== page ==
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Rongo-rongo is the name that has been given to a type of pictograph writing that was developed in Rapa Nui (Easter Island). It is one of only a handful of ways of writing that was invented anywhere in the world. It has never been successfully translated (although many have tried, and some claim to have succeeded) and probably never will be, since so few examples remain. One small section of one tablet has been translated, however- it is clearly a lunar calendar!
In 1864, missionary Eugene Eyraud- the first known non-Polynesian to live on Easter Island- said in a letter that he had seen "in all the houses" hundreds of tablets and staffs incised with thousands of hieroglyphic figures. Two years later, only a handful of these incised artifacts were left. Some say that they were burnt to please the missionaries, who saw in them evil relics of pagan times. Today, only 21 examples remain.
The writing on them is extraordinary. Tiny, remarkably regular glyphs, less than half an inch tall, highly stylized and formalized, are carved in shallow grooves running the length of wood tablets. I have seen the two examples in the Smithsonian Museum of Natural History, and they are mesmerizing.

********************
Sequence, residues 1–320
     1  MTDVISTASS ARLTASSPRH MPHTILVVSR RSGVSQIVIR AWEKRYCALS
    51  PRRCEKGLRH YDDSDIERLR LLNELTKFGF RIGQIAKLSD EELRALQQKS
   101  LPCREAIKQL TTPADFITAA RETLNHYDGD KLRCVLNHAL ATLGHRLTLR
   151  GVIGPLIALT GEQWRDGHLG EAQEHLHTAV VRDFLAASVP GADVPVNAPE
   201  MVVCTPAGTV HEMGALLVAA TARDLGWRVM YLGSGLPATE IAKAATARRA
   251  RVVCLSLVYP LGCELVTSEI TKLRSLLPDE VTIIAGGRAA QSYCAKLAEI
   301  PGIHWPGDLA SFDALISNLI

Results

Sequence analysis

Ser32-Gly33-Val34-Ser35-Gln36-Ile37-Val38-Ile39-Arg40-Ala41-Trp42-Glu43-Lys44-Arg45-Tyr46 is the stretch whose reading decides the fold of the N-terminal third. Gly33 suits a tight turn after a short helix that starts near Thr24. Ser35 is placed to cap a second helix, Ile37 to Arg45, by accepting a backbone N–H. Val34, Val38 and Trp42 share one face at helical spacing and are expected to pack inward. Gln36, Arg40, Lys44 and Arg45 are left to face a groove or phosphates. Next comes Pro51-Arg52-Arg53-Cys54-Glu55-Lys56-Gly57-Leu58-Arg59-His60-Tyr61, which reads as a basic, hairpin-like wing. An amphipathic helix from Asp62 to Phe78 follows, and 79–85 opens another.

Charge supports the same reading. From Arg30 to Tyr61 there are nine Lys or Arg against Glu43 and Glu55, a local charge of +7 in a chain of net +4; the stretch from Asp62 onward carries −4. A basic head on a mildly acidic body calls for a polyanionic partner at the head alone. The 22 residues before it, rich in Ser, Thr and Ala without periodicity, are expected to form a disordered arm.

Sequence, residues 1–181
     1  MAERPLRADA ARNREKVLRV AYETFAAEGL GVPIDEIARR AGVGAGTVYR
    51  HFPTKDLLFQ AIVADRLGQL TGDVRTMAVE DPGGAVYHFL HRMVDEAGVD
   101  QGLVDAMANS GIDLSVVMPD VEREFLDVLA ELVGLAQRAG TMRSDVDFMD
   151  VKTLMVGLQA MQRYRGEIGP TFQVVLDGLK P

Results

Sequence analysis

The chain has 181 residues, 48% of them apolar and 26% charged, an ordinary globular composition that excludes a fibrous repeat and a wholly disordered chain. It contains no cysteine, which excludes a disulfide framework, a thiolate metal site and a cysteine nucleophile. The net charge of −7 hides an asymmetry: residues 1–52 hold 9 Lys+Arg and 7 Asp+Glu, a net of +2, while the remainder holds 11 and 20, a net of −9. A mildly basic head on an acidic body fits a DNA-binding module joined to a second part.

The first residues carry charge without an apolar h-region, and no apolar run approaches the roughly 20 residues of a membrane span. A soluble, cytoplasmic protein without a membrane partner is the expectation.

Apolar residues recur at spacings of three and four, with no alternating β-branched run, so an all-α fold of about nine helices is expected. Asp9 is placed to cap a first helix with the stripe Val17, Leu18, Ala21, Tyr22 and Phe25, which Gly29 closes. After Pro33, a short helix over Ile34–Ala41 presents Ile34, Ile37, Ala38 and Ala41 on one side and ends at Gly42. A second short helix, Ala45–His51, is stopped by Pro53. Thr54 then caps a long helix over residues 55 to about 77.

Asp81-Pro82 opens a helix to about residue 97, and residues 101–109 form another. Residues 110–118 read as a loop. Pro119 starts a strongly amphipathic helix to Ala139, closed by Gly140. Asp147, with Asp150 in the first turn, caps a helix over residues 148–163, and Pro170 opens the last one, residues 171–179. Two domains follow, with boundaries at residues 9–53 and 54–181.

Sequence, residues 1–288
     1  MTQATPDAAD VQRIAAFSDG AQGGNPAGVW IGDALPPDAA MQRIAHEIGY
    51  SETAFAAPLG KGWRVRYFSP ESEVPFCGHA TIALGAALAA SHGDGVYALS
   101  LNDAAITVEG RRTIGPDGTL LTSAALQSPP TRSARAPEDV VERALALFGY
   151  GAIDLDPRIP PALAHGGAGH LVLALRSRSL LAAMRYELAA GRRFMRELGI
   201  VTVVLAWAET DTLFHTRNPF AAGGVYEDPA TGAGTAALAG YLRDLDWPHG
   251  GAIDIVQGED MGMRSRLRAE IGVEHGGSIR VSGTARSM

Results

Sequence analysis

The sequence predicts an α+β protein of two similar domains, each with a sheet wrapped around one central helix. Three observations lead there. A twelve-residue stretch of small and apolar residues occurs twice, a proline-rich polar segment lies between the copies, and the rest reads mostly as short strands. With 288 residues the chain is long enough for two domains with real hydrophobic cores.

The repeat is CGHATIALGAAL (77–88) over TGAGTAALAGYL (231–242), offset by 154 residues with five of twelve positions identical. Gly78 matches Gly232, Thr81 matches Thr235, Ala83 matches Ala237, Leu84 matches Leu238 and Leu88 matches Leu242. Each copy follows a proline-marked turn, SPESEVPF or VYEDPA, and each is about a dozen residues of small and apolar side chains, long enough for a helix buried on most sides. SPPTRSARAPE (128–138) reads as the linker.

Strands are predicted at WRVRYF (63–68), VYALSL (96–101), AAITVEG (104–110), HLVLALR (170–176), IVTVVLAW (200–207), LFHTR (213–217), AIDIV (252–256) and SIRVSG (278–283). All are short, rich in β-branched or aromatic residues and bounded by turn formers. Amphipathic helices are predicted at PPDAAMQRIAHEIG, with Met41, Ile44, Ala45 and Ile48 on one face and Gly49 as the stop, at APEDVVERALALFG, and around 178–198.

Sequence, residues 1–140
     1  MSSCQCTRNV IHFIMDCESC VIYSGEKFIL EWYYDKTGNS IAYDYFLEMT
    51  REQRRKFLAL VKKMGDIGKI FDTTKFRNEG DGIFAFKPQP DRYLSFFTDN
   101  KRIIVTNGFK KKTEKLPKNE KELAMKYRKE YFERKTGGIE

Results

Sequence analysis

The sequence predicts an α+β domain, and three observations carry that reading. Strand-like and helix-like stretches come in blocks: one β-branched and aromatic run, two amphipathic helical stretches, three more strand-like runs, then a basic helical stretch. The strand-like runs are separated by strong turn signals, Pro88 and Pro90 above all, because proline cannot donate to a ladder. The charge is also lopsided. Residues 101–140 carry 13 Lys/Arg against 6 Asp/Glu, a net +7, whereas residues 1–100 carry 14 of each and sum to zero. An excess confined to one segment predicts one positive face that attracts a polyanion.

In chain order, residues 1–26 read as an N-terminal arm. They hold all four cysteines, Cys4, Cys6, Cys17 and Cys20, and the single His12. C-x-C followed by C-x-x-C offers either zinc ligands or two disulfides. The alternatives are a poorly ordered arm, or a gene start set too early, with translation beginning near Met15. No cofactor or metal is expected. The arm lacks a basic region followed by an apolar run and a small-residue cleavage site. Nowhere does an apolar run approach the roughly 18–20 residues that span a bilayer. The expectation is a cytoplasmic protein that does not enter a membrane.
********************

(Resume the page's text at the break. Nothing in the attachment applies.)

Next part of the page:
Some say that the Rapa Nuians came up with their writing after a visit in 1770 by a Spanish ship. Perhaps the locals sensed the foreign mana, the spiritual power, that resided in the wonder of writing, the coupling of human speech to graphic art. Perhaps they employed various motifs for their glyphs from the rich inventory of Easter Island's rock art. In any case, no other Oceanic people possesed an indigenous writing system, so the Rapa Nuians certainly came up with their writing after their island had become isolated from the rest of Polynesian culture. Whether it was influenced by European contact or not, we might never know.
In game terms, the Rongo-rongo card provides the player with one Victory Point. If the player also controls Rapa Nui, the historic home of the writing, the player gets a bonus Victory Point. So, when you play Conquest of Paradise, if a player draws this card, then clearly the Polynesians came up with this writing on their own. If the card remains in the deck, then Polynesians came up with the writing after the scope of the game- maybe with the help of Europeans!